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setto

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setto last won the day on May 22 2019

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  1. This is a tough one. Some practice areas require reading a lot of case law and doing a lot of research,. Other practice areas require a lot of drafting and revisions which requires a lot of detailed reading and analysis of documents. It can also depend on the size of the files you're working on as well as the size of your team. For example, some M&A partners will be on the phone all day, then will provide associates with instructions for revising drafts, or reviewing agreements. Similarly, some (all) litigation partners will delegate research and memo writing down to associates. But at the end of the day, they still need to review the draft transaction documents, or research memos, respectively. I'm not sure there are any particular stand-out practice areas I can think of that do more or less reading than the others. Regardless of the practice area, you're basically going to be reading hundreds of emails in between phone calls. Personally, practicing law has taken a bit of the fun out of reading novels or other books after work. It's really hard to read for pleasure after sifting through emails all day. But I know plenty that do still enjoy it. As a side note: and I know you opened with "don't get me wrong..." but I don't think this is necessary and posters shouldn't be harassed for these types of questions. There's definitely a trend lately where a lot of people on this board have been asking questions about work life balance, hours, how much work it is to be a lawyer, how happy we are in our careers, etc. I think these questions help the prospective legal community as a whole. This industry is filled with enough miserable people and know exactly what to expect when you join the bar is just being responsible. I just wanted to get that out there before people bombard you with "find another career if you don't want to [insert dog shit part about being a lawyer]".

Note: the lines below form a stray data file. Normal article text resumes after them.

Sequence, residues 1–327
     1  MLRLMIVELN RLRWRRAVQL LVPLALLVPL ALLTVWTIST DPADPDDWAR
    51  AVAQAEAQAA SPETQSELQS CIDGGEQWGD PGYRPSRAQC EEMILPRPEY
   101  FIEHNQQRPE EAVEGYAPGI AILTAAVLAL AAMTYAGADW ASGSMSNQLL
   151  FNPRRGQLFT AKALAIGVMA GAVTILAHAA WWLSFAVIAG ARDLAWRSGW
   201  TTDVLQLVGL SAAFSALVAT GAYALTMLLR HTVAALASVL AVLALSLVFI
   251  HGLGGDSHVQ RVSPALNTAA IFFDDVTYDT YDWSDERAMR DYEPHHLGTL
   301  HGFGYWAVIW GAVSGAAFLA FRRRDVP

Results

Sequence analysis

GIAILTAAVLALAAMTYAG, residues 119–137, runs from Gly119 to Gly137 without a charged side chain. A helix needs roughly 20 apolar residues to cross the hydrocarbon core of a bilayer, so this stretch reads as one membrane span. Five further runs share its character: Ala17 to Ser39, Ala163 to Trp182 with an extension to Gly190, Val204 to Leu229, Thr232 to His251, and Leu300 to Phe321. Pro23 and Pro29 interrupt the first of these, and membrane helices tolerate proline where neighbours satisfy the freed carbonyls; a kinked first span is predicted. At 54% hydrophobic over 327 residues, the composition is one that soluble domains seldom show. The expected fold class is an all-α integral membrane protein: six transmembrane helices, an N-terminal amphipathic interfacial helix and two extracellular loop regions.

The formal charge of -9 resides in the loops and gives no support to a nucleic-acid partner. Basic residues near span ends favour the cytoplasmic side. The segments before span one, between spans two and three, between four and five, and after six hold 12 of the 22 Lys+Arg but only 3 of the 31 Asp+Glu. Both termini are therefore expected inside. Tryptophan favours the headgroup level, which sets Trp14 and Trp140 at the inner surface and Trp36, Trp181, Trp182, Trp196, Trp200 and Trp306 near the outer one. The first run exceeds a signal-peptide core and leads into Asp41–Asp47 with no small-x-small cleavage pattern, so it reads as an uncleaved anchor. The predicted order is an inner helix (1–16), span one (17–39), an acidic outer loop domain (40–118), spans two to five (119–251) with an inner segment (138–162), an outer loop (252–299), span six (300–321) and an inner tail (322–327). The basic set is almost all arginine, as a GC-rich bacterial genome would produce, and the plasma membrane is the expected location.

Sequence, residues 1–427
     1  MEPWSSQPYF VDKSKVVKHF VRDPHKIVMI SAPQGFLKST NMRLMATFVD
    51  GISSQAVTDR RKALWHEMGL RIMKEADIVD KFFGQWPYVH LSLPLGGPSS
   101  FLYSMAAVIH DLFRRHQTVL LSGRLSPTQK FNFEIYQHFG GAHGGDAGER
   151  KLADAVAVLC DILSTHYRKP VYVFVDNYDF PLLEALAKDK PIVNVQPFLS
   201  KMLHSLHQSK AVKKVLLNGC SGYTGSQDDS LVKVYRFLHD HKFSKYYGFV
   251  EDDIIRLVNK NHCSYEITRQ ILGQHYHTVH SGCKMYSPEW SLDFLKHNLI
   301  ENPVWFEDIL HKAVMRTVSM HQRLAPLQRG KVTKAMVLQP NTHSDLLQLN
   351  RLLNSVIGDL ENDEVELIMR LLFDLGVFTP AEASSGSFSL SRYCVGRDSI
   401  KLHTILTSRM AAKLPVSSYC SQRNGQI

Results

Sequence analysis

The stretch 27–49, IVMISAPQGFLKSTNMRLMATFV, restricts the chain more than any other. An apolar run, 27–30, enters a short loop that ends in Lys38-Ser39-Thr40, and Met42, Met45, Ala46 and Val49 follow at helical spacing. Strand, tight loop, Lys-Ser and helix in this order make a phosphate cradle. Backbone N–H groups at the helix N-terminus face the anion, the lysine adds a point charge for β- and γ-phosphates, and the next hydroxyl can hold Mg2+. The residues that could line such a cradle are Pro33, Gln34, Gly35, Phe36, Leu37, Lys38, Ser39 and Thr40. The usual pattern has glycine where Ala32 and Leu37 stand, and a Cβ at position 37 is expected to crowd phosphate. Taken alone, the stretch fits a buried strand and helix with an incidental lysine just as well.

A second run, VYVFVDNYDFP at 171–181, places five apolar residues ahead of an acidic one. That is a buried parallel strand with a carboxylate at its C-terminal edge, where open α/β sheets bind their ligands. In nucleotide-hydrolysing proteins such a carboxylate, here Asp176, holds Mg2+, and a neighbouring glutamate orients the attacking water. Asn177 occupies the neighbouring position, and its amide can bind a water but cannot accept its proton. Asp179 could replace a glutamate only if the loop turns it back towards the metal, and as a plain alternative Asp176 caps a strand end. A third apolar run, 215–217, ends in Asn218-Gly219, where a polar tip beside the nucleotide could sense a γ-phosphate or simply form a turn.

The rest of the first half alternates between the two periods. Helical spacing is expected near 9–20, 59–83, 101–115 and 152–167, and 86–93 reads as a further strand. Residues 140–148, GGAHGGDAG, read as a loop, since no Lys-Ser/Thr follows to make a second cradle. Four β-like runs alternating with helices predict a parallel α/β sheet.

2. So a bunch of firms state that they are willing to divulge salary data with a research body and your position is that you don't see "even the beginning of a hint that things are moving in a direction that could somehow one day result in a list of how much each firm pays in searchable form"? I just want to get that right because this is a really odd take. What on earth would look like a beginning of a hint that things are moving in that direction?
  3. 1. Study hard until you learn how to study smart. For example: review the cases, learn to brief them, etc. but slowly transition over to using CANs. Chances are you'll take some new upper-level course that won't have a CAN and you'll need to actually read the text and brief the cases to understand what's going on. 2. Take a long hard look at the lifestyle, job satisfaction, etc. of the legal career you're shooting for. Some careers can be absolutely soul crushing and 1L is a good time to ask around.
  4. Maybe it's just my practice, but I find that having someone cover your files while you're out of office is very difficult in this industry. It's basically why so many of us work over our vacations unless we wind our practice down slightly before leaving.